Wednesday, February 20, 2008

Marvin Franklin at the New York Transit Museum

Every once in a while an artist toils in relative obscurity only to be discovered after her/his death. After their death, the world 'finds' out more about the person and their art, launches into a 'closer reading ' of the works through exhibitions and such and suddenly finds that there is more, much more to the individual - who has since passed on. The art and life of Marvin Franklin is an example of such an unfortunate circumstance.

Art saved my life” - Marvin Franklin (1952 - 2007)

Artist and New York City Transit track worker Marvin Franklin lost his life in the line of duty on April 29, 2007 while working the night shift as he had for twenty two years. He leaves behind a wife and three children. The artworks (drawings, prints and paintings) are set in the subway system where he spent much time as both an employee and a commuter. Most of the artworks depict homeless people. The artworks are on display until the end of March at the New York Transit Museum in Brooklyn.

The artist was once homeless himself.

From the blurb accompanying the exhibition: The night shift was 11PM to 7 AM. After work he would get on the F train at Jamaica/179th Street, the end of the line in Queens, sketch book in hand, and draw his fellow passengers all the way to 57th Street in Manhattan where he went to school. For more than a decade he attended school at the Art Students League from 9AM to noon. After school he would get back on the F train and sketch some more on his way home. With twenty two years on the job, he was three years away from retirement. Then he hoped to teach art, exhibit his work to raise awareness about homelessness and sell his artwork to raise money to help people in need.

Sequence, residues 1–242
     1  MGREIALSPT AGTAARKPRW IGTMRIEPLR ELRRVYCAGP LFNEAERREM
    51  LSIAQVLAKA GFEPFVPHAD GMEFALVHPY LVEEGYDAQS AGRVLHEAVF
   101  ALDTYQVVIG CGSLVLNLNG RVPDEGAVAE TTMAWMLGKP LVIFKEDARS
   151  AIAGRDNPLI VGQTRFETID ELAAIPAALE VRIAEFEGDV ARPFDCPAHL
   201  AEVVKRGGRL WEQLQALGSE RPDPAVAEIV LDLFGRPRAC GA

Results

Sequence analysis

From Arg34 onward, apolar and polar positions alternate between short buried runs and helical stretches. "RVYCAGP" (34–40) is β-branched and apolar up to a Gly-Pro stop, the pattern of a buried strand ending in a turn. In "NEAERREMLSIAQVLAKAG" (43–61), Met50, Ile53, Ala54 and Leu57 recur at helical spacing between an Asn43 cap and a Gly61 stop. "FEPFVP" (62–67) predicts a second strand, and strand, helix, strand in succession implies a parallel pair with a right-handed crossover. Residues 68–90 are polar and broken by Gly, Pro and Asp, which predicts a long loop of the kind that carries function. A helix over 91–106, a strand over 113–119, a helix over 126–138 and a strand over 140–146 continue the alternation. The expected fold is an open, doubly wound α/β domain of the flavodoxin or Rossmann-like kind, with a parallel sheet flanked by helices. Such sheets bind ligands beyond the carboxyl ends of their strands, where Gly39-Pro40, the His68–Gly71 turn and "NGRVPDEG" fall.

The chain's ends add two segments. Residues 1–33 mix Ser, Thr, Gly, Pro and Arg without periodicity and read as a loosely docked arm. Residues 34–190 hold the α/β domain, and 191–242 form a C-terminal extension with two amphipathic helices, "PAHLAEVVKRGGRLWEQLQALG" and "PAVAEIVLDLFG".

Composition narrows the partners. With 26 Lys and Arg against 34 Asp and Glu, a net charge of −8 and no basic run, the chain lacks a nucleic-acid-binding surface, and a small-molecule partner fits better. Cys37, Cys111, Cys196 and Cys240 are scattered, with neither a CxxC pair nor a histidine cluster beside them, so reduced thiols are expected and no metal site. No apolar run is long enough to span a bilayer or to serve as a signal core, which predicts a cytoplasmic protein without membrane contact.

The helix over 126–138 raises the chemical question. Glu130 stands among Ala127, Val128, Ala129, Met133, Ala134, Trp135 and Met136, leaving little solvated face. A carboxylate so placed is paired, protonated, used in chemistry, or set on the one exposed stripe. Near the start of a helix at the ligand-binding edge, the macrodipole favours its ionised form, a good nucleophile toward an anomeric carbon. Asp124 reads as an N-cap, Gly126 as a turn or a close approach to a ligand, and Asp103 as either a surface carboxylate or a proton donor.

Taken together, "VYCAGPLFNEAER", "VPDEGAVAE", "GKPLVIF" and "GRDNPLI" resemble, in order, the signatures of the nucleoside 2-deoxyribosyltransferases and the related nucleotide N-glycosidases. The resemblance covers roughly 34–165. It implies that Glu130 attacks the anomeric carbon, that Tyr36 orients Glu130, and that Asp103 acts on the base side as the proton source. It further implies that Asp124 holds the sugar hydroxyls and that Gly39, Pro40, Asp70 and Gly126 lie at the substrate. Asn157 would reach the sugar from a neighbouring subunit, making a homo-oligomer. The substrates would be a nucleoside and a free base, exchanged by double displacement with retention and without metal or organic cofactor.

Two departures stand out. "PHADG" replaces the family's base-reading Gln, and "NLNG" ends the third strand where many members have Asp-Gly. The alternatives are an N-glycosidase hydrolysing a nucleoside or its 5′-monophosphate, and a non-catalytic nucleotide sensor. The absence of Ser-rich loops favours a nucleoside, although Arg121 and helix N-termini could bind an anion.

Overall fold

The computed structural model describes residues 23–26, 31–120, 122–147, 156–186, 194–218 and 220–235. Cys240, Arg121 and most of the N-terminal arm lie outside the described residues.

The following lines from a New York City artist in response to an article that covered Marvin Franklin’s death is instructive of the close association between art, success in the artworld and money resulting in only a select few reaching the top.

Franklin’s tragic death also highlights the polarization and inequality that has intensified over the past several decades in the art world no less than American society as a whole. In today’s highly competitive commercial art market, in addition to the time and concentration required to develop one’s craft and artistic vision, artists must invest considerable resources in promoting their work. If they are lucky enough to get an exhibit, they are often asked to pay all expenses related to advertising, delivery and installation of their artwork, which can run into hundreds, even thousands of dollars. Salaried positions for artists are rare; according to the Bureau of Labor Statistics, the median annual wage in 2004 was only $37,000. Sixty-three percent of artists list themselves as self-employed and their income is even more precarious. An artist lucky enough to find gallery representation must give 50 percent of the proceeds to the gallery, and so even an artist who does reasonably well, and sells $50,000 worth of work per year makes only $25,000, and that is before taxes.

The distortion that such pressures exert on the type of art produced, as well as the experiences and outlook that finds expression in today’s artwork is extreme, and mostly deleterious. Very few artists like Marvin Franklin are able to develop to the fullest of their abilities or even, literally, survive under such conditions. The result is an alienation from art by broad masses of people and a general cultural impoverishment.

Drawings reproduced from sketchbooks (2004 - 2007)

Untitled, Watercolor on paper

Untitled, Watercolor on paper

Untitled, Watercolor on paper

Late Rider, etching

Subway passenger, Etching

Untitled, Reproduction

Sketchbook drawing as preparation for watercolor below

Untitled, Watercolor on paper

Self portrait, Oil on canvas


Sujith said...

These paintings are just great. They capture daily life aspects, It contains perspective, vibrant colors and themes.

adebanji said...